We propose a framework for understanding and interpreting the pathophysiology of Myalgic Encephalomyelitis/Chronic Fatigue Syndrome (ME/CFS) that considers wider determinants of health and long-term temporal variation in pathophysiological features and disease phenotype throughout the natural history of the disease.

Dr Luis Nacul

As in other chronic diseases, ME/CFS evolves through different stages, from asymptomatic predisposition, progressing to a prodromal stage, and then to symptomatic disease. Disease incidence depends on genetic makeup and environment factors, the exposure to singular or repeated insults, and the nature of the host response.

In people who develop ME/CFS, normal homeostatic processes in response to adverse insults may be replaced by aberrant responses leading to dysfunctional states. Thus, the predominantly neuro-immune manifestations, underlined by a hyper-metabolic state, that characterize early disease, may be followed by various processes leading to multi-systemic abnormalities and related symptoms.

This abnormal state and the effects of a range of mediators such as products of oxidative and nitrosamine stress, may lead to progressive cell and metabolic dysfunction culminating in a hypometabolic state with low energy production. These processes do not seem to happen uniformly; although a spiraling of progressive inter-related and self-sustaining abnormalities may ensue, reversion to states of milder abnormalities is possible if the host is able to restate responses to improve homeostatic equilibrium.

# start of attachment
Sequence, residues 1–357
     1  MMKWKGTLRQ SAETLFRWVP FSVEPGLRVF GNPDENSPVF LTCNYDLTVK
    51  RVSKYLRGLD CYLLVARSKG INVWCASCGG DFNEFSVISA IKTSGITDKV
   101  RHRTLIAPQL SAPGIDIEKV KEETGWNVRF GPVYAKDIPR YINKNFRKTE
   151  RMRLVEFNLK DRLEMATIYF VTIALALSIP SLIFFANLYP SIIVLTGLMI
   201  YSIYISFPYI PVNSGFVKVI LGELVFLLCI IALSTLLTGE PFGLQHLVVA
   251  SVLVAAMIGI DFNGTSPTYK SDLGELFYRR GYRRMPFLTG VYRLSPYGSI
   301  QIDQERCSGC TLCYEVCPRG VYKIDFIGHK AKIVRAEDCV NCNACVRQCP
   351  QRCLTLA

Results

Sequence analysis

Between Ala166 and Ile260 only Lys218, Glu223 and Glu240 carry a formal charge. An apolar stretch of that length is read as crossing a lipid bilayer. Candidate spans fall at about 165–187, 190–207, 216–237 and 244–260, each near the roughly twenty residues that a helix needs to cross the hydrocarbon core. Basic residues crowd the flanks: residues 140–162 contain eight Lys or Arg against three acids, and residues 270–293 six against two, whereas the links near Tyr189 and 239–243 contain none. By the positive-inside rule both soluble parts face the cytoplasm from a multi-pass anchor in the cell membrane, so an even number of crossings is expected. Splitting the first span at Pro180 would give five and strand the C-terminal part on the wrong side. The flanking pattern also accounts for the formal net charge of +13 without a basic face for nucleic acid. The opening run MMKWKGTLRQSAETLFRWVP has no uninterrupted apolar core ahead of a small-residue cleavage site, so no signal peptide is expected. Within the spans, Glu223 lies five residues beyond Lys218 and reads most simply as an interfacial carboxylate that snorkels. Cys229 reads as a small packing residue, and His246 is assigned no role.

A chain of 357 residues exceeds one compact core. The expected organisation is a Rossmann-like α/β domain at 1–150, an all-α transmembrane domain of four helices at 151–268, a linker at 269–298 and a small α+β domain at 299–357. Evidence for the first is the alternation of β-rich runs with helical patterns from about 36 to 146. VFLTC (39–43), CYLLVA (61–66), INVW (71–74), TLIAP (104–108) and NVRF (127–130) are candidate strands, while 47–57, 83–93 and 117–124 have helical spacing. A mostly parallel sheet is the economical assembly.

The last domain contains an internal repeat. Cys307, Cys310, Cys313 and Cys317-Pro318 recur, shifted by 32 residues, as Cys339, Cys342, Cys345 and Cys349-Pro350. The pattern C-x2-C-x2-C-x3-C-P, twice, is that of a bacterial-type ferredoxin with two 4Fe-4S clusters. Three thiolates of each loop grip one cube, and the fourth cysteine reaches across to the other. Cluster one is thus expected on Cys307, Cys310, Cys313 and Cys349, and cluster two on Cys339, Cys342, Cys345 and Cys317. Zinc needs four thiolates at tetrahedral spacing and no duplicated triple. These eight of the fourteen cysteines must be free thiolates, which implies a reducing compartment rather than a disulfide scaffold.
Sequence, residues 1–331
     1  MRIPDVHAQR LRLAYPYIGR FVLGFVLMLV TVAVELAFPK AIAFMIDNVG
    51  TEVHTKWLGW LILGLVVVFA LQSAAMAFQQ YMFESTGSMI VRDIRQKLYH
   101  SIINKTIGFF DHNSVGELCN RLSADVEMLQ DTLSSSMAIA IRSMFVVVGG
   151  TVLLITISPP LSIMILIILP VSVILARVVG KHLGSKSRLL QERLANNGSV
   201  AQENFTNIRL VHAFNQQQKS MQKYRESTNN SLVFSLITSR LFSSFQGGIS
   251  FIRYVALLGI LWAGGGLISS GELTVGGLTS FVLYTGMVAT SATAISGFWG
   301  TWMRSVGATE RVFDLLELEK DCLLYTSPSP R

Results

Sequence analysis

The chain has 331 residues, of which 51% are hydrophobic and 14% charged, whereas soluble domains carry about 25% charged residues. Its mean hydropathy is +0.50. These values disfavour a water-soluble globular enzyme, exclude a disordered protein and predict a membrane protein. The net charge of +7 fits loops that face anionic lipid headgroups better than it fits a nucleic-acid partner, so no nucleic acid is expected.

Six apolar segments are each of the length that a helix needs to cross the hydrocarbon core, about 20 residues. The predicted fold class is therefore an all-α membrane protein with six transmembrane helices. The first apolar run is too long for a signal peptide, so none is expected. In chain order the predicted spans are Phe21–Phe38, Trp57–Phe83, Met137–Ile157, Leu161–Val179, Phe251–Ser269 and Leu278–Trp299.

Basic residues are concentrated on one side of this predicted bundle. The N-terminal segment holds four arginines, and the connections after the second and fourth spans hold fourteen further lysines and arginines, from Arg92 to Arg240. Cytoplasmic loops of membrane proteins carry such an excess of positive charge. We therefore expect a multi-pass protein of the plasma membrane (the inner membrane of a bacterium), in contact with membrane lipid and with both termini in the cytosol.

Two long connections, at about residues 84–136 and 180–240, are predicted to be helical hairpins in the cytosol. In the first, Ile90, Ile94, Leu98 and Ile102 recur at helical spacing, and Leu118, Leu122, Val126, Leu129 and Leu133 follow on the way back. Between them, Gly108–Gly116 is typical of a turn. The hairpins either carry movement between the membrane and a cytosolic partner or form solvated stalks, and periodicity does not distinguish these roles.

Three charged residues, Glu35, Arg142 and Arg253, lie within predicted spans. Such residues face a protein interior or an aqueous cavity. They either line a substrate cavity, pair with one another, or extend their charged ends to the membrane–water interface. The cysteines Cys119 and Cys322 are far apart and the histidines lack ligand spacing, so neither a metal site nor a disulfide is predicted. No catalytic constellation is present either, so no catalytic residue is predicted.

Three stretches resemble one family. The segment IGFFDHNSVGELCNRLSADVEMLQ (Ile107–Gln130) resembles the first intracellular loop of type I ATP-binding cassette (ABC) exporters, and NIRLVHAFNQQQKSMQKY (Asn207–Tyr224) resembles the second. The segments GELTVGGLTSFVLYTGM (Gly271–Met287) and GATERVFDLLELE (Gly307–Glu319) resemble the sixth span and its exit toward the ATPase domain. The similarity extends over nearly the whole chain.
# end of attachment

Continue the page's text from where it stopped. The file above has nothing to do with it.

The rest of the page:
With time variation in disease presentation, no single ME/CFS case description, set of diagnostic criteria, or molecular feature is currently representative of all patients at different disease stages. While acknowledging its limitations due to the incomplete research evidence, we suggest the proposed framework may support future research design and health care interventions for people with ME/CFS.

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NICE ME/CFS guideline publication due April 21 2021

Level 1A, City Tower
Piccadilly Plaza
Manchester
M1 4BT

Tel: 0300 323 0140
Fax: 0845 003 7784

www.nice.org.uk

24/8/20

Dear stakeholder,

Please note that the timeline for the Myalgic encephalomyelitis (or encephalopathy)/ chronic fatigue syndrome: diagnosis and management guideline has been updated. The consultation will now begin on 10 November 2020 and end on 22 December 2020, and the new publication date is expected to be 21 April 2021.

Kind regards,

Katie Stafford, Senior Guideline Coordinator